For this reason, I recommend reiterating what subscribers getting in the CTA using clear and simple language, like in the example below from my friend Laura Elizabeth who runs Double Your Freelancing with her husband, Brennan Dunn.

This example also reiterates the offer in the CTA (“Get Lesson 1”) and uses design elements (like the arrow) to direct your attention to the action they’d like you to take.

It also uses trust-building elements (like their faces and the media logos) to infuse legitimacy and to help overcome any lingering objections.

How to write effective email capture copy — example from double your freelancing

The example below from Us Weekly takes a similar approach, but they take it a step further by highlighting what visitors are missing out on by not subscribing (and as we all know, FOMO can be a highly persuasive conversion tactic):

How to write effective email capture copy — example from Us Weekly

Alright, those are the basics. Now let’s talk about the fun stuff you can mess around with and test!

Rule #4: Try collecting user information (if applicable)

If it makes sense, try an email capture mechanism that allows you to collect visitor information to help you understand who your visitors are, what they’re looking for, etc.

Having a little extra info on your visitors can help you better tailor your offer, website content, emails, and more.

For example, my former client Coterie Party asks potential subscribers to tell them more about the kind of party they’re planning and when it is to help shape the content the user receives:

Example of effective email capture copy

Here’s another example from Neil Patel; he uses an “SEO analysis” as the email capture mechanism to provide the user with highly personalized content.

After the analysis is complete, the user is served a screen that asks for your email with a request to book a call (not a bad way to capture email addresses and get leads on the phone!).

How to write effective email capture copy — example from Neil Patel

Rule #5: Try infusing your brand tone / personality

To help you stand out and connect with your audience, test email capture copy that infuses your unique brand personality and tone.

For example, the lingerie company fleur du mal does this well with the simple copy, “Take it off, baby!” to connect their brand personality (sassy, sexy, bold, etc) with their offer (15% off).

Example of effective email capture copy — from Fleur Du Mal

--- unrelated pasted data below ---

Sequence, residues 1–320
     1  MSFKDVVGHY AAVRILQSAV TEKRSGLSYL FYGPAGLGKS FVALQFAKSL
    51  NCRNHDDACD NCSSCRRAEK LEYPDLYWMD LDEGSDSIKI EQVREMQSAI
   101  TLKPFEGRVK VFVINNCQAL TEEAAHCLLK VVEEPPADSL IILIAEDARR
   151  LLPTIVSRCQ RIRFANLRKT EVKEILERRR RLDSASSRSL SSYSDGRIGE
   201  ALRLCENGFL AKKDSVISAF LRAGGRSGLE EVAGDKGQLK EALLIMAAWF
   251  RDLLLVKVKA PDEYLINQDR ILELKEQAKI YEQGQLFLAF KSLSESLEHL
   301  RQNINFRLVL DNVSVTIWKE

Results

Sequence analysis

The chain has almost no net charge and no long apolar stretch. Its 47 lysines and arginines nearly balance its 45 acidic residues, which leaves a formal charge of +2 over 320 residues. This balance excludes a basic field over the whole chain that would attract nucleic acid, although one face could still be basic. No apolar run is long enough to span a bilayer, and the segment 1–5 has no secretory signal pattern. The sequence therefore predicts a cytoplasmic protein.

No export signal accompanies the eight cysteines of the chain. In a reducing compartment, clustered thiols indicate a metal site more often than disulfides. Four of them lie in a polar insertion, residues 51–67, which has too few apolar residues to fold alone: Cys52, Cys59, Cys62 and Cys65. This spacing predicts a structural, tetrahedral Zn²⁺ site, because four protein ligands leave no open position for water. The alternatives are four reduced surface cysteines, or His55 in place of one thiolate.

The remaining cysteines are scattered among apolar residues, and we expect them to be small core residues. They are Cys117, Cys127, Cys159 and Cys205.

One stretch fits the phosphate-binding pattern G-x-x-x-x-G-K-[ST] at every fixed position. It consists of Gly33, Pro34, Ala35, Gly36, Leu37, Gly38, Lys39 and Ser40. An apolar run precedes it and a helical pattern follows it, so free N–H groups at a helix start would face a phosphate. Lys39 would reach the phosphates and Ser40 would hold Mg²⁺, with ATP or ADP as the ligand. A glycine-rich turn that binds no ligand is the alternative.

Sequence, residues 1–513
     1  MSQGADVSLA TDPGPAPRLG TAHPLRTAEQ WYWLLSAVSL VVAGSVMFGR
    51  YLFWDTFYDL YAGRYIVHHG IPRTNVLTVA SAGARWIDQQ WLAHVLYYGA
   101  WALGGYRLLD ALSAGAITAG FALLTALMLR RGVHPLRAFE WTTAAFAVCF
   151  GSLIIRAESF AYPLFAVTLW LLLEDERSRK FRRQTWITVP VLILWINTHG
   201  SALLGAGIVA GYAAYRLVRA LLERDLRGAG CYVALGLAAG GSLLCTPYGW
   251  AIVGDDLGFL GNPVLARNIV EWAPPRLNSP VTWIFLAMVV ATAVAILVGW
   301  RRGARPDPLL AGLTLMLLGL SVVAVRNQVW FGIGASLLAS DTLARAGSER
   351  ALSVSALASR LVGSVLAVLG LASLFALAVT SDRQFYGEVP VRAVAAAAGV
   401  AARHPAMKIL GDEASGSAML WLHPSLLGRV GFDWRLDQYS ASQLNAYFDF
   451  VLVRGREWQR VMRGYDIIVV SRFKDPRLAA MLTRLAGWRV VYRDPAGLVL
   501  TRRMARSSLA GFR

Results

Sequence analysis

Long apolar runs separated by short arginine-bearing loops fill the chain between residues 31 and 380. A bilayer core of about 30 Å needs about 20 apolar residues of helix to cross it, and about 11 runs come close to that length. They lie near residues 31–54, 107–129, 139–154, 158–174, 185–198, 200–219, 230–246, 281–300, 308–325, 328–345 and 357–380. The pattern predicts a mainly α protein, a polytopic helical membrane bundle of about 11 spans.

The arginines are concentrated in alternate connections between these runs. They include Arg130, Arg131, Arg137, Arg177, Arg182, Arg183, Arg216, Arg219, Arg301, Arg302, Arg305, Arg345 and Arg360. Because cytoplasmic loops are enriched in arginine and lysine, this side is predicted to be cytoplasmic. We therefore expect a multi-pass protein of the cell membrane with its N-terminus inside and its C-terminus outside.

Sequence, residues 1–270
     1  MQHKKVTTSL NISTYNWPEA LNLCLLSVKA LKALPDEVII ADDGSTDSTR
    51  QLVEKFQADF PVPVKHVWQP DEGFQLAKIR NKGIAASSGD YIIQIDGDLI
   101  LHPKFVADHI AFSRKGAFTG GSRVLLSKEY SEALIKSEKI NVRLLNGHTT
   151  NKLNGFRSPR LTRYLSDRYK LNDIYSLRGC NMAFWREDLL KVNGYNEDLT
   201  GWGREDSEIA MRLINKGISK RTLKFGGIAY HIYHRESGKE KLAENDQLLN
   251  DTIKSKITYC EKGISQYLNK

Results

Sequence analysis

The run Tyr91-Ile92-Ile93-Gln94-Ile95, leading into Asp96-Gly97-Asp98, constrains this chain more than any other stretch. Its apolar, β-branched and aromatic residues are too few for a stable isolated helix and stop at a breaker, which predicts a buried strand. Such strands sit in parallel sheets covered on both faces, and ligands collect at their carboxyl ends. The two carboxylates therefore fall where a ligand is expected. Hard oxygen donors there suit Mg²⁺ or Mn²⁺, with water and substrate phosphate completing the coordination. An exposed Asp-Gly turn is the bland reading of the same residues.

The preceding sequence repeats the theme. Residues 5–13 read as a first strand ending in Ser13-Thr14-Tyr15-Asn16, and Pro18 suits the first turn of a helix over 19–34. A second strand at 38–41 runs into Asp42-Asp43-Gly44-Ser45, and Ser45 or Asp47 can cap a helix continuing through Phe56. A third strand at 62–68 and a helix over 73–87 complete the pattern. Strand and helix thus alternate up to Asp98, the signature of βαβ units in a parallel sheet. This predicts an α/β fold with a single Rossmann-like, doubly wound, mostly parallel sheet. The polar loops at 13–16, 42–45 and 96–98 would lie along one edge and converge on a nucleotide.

Here’s another example from the plant company, The Sill. They use the headline “Get the dirt” as a cheeky nod to their brand and to the content within their newsletter:

How to infuse personality into your email capture copy — example from The Sill

Rule #6: Try to have some fun!

While building an email list is serious, your email capture copy doesn’t have to be – and this is especially true for brands who have a more fun and playful personality.

If it makes sense for your brand, don’t be afraid to use humor, get cheeky, subvert expectations, or be relatable by acknowledging the visitors’ pain points (or thoughts) directly.

For example, the now-defunct wedding brand, Floravere, used to have this cheeky email capture copy that spoke to a common pain point / desire of their audience (wanting a wedding planner or someone totally focused on your wedding) as a way to get sign-ups.

It also asks for the subscriber’s wedding date as a way of sending more personalized content.

How to infuse personality into your email capture copy

I wish I could recall the source, but this is another great example of having fun with your email capture copy, while also clearly communicating the offer (free shipping):

Example of effective email capture copy — infusing brand personality into copy

What are your tips for writing effective email capture copy?

I hope you found my tips helpful, but I’m curious: Do you have any email capture tips that have worked for your business or clients?

Share your thoughts below, and if you found this article useful, share it with a friend or colleague!